When it comes to successful copywriting, there’s no one way to define what makes it good. This can quickly become frustrating, especially when you’re looking to improve your skills and produce better copy for your clients. But this doesn’t mean there are no reliable means to measure what makes a good copywriter, as despite there being no hard and fast rules, there are some key areas that will always be important, no matter the type of job you’re working on.
How to define copywriting skills
To develop excellent copywriting skills, you need to go right back to basics, which means writing with impeccable spelling, punctuation, and grammar. Although this may seem obvious, you’d be surprised by how many writers make basic mistakes they’re simply not aware are wrong. A great starting place is our essential grammar checklist, which should help you spot any errors in your own work.
It does take time to build up your knowledge and confidence in these areas, but even professionals make mistakes from time to time. This is why investing in quality spell checking software is never a bad idea and won’t make you any less of a writer, just one that’s more prepared. Installing a programme like Grammarly or Ginger can help you spot errors, acting as a second pair of eyes when proofreading so that little things don’t slip through your net.
You’ll also want to make sure you’re sticking to any required word and character counts, such as if writing for templates and meta content, so a service like Character Count Online is always handy to have on your list of bookmarks.
Although copywriters can specialise their skillsets to focus on one particular style or form, the roles of most copywriters involve being able to produce text on just about anything. This means being able to follow the instructions in any brief and adapting your writing appropriately to the client’s audience and the tone of voice. Make sure you familiarise yourself with the brand the content is being produced for, as copywriting isn’t about developing your own voice, but about being able to adopt someone else’s seamlessly.
You’ll also need to know your stuff when it comes to blogs, press releases, web pages, meta descriptions and more. There’s no ‘one size fits all’ approach when it comes to copywriting, and crafting a catchy headline is different from producing an instruction manual or long-form blog post. Familiarise yourself with the different types of copywriting you could be doing and make sure you’re clued up on how to approach each of them.
As a copywriter, it’s unlikely you’ll have expertise in every topic you’re asked to write about, particularly for niche or very technical pieces. This means you’ll need to be a highly competent researcher and be able to condense difficult topics into easy to understand copy.
Before writing about a particular product, it’s important to fully understand its USPs and the consumers who want to buy it, as well as exactly what it does. These all involve research, as not every brief will spoon-feed you the information that needs to be included in a piece; this is your job.
Originality and creativity
These are aspects of writing that can be difficult to measure, but copywriters do need to make sure everything they write is as unique as possible. This is something that has become particularly important in this digital age, as it’s all too easy for plagiarism software to pick up on even a hint of similar copy from across the web. Many businesses will be using Copyscape to check whether your writing matches any existing pieces.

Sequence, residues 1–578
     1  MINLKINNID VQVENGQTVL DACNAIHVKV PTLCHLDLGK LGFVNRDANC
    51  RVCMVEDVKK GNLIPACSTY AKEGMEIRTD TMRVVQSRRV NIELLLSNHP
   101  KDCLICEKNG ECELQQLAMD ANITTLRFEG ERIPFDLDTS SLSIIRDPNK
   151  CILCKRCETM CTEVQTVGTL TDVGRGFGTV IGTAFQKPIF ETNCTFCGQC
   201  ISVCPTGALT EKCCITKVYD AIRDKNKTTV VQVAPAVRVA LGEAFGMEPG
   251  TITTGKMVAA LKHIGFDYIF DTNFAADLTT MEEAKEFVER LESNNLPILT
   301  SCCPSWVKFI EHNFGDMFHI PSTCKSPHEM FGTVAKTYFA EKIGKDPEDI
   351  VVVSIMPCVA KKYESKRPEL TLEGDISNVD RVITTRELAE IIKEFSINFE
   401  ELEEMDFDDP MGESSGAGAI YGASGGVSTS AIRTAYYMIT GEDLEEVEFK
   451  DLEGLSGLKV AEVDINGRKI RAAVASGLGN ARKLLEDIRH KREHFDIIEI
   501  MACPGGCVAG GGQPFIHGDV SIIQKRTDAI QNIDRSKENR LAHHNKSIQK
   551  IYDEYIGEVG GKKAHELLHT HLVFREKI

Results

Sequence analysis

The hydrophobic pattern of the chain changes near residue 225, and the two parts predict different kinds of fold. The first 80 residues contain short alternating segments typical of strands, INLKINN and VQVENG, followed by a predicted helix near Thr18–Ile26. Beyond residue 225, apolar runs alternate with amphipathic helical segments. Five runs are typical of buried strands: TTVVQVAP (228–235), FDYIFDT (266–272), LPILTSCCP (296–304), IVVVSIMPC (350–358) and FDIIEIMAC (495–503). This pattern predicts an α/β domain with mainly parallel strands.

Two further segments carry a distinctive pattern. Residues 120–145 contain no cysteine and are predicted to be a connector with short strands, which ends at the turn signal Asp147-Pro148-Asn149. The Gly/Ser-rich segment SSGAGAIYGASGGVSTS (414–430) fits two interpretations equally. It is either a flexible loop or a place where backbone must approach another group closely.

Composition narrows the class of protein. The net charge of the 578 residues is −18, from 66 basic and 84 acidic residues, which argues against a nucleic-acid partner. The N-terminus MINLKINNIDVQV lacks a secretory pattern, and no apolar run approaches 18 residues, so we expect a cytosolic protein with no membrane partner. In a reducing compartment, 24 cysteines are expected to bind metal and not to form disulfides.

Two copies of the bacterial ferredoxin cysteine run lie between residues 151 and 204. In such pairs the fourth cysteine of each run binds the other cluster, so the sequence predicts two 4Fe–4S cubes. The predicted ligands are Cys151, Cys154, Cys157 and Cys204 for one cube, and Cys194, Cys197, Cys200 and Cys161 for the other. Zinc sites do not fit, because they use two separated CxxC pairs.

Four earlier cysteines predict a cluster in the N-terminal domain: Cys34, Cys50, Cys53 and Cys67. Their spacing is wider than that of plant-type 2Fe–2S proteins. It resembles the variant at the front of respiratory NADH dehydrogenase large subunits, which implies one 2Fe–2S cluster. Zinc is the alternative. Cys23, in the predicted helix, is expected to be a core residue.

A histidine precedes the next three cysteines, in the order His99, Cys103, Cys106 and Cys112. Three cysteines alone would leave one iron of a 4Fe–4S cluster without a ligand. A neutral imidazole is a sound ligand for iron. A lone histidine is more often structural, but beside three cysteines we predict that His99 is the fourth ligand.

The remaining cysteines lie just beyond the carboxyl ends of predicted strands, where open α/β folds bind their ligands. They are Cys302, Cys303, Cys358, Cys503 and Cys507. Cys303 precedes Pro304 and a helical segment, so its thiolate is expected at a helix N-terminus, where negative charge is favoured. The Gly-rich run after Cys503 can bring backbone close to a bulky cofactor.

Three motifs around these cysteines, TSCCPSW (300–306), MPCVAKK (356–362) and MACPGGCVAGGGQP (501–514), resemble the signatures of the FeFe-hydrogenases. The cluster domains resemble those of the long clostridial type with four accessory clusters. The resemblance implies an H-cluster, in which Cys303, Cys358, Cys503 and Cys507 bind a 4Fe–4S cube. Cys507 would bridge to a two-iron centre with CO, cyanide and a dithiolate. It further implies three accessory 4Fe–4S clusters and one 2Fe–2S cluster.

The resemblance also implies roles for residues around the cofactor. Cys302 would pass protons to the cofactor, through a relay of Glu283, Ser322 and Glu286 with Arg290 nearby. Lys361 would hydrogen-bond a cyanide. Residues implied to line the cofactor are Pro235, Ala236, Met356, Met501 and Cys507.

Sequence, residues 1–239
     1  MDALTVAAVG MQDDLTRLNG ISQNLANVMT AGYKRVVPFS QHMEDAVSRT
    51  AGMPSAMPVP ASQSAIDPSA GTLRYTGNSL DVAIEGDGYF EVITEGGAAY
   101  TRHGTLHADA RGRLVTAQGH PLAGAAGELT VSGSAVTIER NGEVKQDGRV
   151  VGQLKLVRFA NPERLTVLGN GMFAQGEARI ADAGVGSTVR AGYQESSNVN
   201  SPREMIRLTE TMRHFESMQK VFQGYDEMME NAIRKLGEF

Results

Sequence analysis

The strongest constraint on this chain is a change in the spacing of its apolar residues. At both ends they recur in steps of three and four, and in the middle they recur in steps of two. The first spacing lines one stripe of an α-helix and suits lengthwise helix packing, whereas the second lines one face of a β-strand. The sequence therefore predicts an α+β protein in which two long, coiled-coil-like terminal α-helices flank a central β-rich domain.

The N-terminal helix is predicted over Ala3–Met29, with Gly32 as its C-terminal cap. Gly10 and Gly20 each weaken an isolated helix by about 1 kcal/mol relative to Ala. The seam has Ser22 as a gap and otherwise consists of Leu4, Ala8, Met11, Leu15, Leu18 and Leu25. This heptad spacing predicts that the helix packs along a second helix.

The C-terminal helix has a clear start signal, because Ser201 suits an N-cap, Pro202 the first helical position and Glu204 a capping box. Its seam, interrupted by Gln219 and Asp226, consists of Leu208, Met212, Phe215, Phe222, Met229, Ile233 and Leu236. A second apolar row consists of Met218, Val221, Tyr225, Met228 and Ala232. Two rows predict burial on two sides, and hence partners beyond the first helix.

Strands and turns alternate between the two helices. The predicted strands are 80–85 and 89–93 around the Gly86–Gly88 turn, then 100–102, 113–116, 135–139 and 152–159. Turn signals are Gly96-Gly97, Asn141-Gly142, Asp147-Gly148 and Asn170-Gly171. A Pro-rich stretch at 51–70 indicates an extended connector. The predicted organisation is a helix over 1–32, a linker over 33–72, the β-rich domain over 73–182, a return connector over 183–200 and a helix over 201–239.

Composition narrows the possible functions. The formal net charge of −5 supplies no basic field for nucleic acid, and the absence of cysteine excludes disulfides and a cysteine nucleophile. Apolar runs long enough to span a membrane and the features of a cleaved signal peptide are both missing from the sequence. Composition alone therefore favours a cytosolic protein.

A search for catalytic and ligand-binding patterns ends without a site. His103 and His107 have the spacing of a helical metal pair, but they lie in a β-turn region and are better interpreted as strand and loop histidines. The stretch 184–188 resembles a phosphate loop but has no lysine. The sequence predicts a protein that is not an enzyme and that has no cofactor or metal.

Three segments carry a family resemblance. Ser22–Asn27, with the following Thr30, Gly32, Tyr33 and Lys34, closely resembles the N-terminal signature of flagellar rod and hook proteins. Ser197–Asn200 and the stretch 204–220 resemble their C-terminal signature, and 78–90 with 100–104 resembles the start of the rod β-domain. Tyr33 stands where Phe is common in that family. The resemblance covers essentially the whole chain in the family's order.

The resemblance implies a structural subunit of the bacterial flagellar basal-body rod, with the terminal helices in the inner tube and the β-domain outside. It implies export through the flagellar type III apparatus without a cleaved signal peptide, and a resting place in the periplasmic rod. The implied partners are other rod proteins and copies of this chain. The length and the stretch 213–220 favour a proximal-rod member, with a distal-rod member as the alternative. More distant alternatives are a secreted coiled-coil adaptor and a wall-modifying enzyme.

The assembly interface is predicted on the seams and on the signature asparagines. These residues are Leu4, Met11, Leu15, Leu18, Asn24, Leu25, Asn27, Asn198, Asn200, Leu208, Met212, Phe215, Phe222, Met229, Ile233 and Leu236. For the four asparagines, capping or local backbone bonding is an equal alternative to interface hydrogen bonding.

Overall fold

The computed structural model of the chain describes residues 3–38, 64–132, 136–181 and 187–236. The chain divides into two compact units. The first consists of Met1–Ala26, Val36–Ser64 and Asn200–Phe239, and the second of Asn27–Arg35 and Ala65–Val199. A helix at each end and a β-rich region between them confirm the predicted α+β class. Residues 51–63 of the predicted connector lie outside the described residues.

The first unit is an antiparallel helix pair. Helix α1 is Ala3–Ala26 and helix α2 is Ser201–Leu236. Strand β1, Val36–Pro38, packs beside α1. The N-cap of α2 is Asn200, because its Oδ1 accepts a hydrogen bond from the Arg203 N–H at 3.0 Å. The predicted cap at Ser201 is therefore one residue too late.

It’s easier to plagiarise by accident than you might think, especially if you’re sourcing information online or even using a client’s own copy (which they might not have told you was plagiarised to begin with!). This comes back to effective research skills, but it’s important not to respin existing articles on the web. Not only can this flag up as plagiarism, but it means readers may have already accessed this content elsewhere and feel as though they’re learning nothing new. It’s always best to use multiple sources of information for your writing to be as original and insightful as possible.
SEO and user experience
Although it isn’t crucial for a copywriter to know the ins and outs of SEO, it’s important they have an awareness of how to integrate it into their writing, especially when producing work for a digital audience. Understanding how Google’s algorithms work isn’t something most copywriters concern themselves with, rather they focus on making a piece of writing attractive to its human audience, with keywords slipped in to keep search engines happy. This is easier said than done, but there are certain tips and tricks to being well on the way to getting it right.
Perhaps most importantly, you shouldn’t ‘stuff’ keywords into any piece of writing or have them appear in every sentence, as this makes your copy sound repetitive. Equally, just because keywords seem ungrammatical doesn’t mean they should be forced into sentences as they are. Sometimes it’s OK to swap some words around or insert punctuation or connecting words like ‘in’ to maintain the flow, but other times you might have to get creative. There are also certain places in copy that keywords function at their best, like in the first sentence and in at least one subheading. Keywords should never cause a piece of copy to read stiffly or sound unprofessional, making this an essential copywriting skill.
It might not be possible to find a dictionary definition for copywriting skills, but if you keep in mind these key areas, you’ll be on the right track to producing excellent pieces of work time and time again. At the end of the day, the ability to meet a client’s expectations is the most important part of any copywriter’s role, so make sure you’re clear on these before you begin any job.